This week at The Film House
Canada 2015. Directed by Deepa Mehta, 91 min. 14A
Deepa Mehta mixes guns, bhangra beats, bespoke suits, cocaine, and betrayal in Beeba Boys: a ferocious, adrenaline-charged Indo-Canadian gang war, and a violent clash of culture and crime. Gang leader Jeet Johar and his young, loyal, and often-brutal crew dress like peacocks, love attention, and openly compete with an old style Indo crime syndicate to take over the Vancouver drug and arms scene. Blood is spilled, hearts are broken, and family bonds shattered as the Beeba Boys (“Good Boys”) do anything ”to be seen and to be feared” in a white world. Beeba Boys is a gangster film by an internationally celebrated director; a movie where stereotypes are intentionally challenged and which takes us right inside this Indo-Canadian world…a specific world and culture which no crime movie has explored before.
Fri 11 Mar 8PM / Thurs 17 Mar 8PM / Sat 19 Mar 7PM
USA 2015. Directed by Andrew Haigh, 95min. 14A
While preparing for their forty-fifth wedding anniversary, Kate and Geoff’s marriage is shaken with a discovery that calls into question the life they’ve built together. Screen legends Charlotte Rampling and Tom Courtenay won Best Actress & Best Actor at the Berlinale for this emotional tour-de-force from acclaimed director Andrew Haigh (Weekend).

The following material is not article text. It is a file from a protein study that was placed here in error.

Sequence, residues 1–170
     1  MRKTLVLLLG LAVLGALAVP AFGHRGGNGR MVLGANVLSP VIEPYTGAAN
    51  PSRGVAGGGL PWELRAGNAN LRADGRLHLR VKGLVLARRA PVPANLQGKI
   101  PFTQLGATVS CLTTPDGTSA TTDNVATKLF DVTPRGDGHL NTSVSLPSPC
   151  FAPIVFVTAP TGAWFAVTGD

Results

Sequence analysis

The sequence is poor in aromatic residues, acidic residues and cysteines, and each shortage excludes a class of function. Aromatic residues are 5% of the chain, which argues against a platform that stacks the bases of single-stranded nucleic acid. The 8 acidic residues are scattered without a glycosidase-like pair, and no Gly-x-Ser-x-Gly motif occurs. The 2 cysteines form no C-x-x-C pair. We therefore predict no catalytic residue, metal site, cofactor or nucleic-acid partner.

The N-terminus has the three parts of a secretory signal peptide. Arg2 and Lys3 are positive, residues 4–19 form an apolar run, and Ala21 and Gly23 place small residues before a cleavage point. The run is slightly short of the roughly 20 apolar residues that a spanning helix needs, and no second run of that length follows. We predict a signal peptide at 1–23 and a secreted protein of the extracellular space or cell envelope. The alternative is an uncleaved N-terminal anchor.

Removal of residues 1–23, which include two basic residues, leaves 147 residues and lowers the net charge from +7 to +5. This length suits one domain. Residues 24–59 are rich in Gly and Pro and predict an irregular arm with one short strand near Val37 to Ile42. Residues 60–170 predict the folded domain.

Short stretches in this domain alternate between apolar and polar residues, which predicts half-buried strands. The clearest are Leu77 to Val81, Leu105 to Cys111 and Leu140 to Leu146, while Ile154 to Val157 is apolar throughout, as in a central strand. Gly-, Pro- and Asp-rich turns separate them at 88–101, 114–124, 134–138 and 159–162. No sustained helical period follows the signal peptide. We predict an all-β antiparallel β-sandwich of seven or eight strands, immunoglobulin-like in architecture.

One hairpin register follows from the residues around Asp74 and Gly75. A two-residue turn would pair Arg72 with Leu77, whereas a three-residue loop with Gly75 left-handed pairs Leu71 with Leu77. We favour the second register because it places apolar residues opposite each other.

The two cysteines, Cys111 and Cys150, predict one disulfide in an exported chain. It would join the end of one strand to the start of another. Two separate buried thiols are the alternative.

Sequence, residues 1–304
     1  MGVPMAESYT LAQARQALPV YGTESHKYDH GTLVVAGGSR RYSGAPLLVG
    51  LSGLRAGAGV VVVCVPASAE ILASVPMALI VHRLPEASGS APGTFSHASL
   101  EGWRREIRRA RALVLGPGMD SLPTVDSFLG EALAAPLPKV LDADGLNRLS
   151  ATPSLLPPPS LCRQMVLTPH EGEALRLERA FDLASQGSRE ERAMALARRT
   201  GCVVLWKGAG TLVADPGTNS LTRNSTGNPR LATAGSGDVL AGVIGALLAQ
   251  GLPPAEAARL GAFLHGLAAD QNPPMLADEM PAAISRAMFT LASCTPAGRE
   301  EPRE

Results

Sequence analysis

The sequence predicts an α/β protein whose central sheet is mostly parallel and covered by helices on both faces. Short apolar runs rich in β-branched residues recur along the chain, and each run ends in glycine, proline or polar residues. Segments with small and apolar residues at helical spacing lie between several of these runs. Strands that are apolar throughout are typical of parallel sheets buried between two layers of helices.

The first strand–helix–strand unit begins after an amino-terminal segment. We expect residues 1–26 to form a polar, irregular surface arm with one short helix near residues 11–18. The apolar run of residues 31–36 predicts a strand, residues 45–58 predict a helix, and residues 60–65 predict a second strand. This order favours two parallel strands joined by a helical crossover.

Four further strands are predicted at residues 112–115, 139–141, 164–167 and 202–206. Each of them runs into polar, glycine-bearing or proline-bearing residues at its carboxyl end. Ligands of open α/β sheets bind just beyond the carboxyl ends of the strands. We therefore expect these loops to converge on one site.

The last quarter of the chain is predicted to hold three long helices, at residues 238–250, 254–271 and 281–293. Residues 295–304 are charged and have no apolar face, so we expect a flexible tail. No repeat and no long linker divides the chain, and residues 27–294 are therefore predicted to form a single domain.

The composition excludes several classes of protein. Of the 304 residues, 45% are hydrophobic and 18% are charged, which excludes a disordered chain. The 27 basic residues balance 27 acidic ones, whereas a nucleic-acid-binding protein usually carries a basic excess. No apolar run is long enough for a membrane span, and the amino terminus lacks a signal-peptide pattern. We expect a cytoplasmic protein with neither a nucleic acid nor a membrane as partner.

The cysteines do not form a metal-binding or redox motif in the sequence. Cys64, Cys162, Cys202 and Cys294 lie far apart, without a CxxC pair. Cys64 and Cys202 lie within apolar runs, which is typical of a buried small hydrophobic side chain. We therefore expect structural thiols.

Nominee – Best Actress (Charlotte Rampling) – 2016 Academy Awards
Thurs 10 Mar 8PM / Sat 12 Mar 7PM

Canada 1985. Directed by Micheal Rubbo, 95min. PG
A hair-raising, family comedy of magical proportions! Eleven year-old-hero Michael enters a supposedly haunted house and gets so scared that he faints and loses all his hair! He receives a secret recipe from ghosts to help his hair grow back but astonishing results occur after he mixes up the ingredients…
Sat 12 Mar 1:30PM

USA 1987. Directed by George Miller, 118 min. 14A
Three small-town friends, Alexandra (Cher), Jane (Sarandon), and Sukie (Pfeiffer), each having lost the man in their lives, are feeling unfulfilled — until a furtive stranger, Daryl Van Horne (Nicholson), arrives and begins courting each of them in turn. Eventually, Daryl tells them that they are witches. But as the three friends spend more time at his mansion, enjoying themselves and learning about their powers, they begin to worry about Daryl’s ultimate intentions.